This bears watching.
From The Washington Post:
In response to recent Catholic Church clergy sex abuse scandals, lawmakers in the District and Virginia say they will soon propose legislation that adds clergy to the list of people mandated by law to report child abuse or neglect.
Both efforts hit at the hot-button intersection of child protection and religious liberty, but lawmakers are expected to give them an open reception at a time when recent sexual abuse scandals in churches and others involving athletes have prompted conversation about broadening legal responsibility to extend beyond positions such as teachers and doctors.
The ideas under consideration by D.C. Attorney General Karl Racine include not exempting confidential conversations for any mandatory reporters, possibly including those that occur in the Catholic Church’s confessional. Texas, West Virginia and a few other states do not exclude the confessional in mandatory reporting laws, but it has been a stumbling block in many other places.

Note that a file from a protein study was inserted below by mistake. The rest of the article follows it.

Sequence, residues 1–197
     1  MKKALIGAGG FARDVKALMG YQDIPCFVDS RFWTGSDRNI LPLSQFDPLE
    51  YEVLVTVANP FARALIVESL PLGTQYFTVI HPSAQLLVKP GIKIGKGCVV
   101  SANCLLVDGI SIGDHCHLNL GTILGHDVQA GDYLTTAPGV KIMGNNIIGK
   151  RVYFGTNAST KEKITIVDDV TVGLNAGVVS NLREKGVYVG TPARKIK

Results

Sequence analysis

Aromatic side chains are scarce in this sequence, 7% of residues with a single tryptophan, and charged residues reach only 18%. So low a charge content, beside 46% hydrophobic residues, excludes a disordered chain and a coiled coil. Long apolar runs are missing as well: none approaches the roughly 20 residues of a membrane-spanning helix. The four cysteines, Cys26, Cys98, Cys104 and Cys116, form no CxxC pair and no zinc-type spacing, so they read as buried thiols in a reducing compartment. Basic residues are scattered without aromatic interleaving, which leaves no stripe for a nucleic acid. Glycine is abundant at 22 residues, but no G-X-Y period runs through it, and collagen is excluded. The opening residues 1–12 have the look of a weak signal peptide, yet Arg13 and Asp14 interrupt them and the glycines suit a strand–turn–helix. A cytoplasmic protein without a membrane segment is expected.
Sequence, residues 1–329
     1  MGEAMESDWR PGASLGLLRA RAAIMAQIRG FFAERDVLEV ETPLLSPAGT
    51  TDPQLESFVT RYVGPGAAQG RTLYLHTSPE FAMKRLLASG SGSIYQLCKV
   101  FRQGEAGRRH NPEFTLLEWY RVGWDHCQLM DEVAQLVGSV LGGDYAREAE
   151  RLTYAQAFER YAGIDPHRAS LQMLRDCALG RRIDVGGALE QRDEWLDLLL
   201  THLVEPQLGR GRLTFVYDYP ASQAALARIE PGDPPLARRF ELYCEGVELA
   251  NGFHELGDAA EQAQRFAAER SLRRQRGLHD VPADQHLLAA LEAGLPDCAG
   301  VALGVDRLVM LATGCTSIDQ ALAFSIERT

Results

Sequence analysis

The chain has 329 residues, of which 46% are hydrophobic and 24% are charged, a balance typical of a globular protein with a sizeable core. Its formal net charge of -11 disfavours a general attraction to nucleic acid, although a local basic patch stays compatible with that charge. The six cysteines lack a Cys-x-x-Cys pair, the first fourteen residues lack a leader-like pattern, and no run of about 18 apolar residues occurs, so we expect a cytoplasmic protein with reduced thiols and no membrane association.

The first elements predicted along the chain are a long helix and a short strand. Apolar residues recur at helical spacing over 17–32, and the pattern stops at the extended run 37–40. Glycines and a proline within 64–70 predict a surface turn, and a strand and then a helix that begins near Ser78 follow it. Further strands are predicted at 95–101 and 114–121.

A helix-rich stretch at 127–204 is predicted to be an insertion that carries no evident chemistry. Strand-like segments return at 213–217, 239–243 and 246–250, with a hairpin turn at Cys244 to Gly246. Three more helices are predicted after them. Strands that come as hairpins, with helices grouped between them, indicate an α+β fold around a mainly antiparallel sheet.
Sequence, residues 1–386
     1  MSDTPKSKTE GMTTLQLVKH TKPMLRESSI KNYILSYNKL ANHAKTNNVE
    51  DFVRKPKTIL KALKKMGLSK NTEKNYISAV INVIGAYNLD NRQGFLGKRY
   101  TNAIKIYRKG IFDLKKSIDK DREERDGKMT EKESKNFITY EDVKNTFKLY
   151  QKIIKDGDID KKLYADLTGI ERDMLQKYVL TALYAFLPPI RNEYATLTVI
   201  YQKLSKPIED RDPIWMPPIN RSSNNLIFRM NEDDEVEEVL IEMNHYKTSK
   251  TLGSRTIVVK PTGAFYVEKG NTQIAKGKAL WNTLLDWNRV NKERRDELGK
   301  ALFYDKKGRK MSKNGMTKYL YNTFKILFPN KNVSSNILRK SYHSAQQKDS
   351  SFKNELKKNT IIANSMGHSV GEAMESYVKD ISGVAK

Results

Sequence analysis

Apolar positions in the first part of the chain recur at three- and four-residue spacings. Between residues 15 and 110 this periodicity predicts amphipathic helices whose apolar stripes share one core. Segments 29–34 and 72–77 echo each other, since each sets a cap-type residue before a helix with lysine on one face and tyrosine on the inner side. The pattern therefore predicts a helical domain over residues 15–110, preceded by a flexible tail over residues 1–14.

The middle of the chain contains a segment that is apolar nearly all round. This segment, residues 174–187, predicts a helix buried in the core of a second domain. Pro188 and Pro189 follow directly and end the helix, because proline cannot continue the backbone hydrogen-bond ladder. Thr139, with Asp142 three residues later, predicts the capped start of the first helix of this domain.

Under D.C. law, anyone 18 or over who knows or has reason to believe that a child under 16 is a victim of sexual abuse is required to report it to civil officials. But the requirements of mandated reporters are more extensive, and Racine is considering taking them much further.
…In both Virginia and the District, some faith groups have had the chance to weigh in with concerns, and most are generally supportive of new requirements.
The Catholic Church’s primary issue is protecting the confidentiality of the confessional. Some other, non-Catholic faith leaders have expressed concern about the religious liberty of Catholics, and have suggested society will lose a resource if people – victims or perpetrators – don’t know for sure whether they can speak candidly to a cleric without fear of criminal repercussions.
Howell has been unsuccessfully proposing similar measures since 2003. She called the issue a “major brawl” in the past, with Catholic and Baptist organizations opposing such measures – for either the protection of the confessional or because, she said in the case of Baptist clergy, they felt it was a secular intrusion and “they answered only to God.”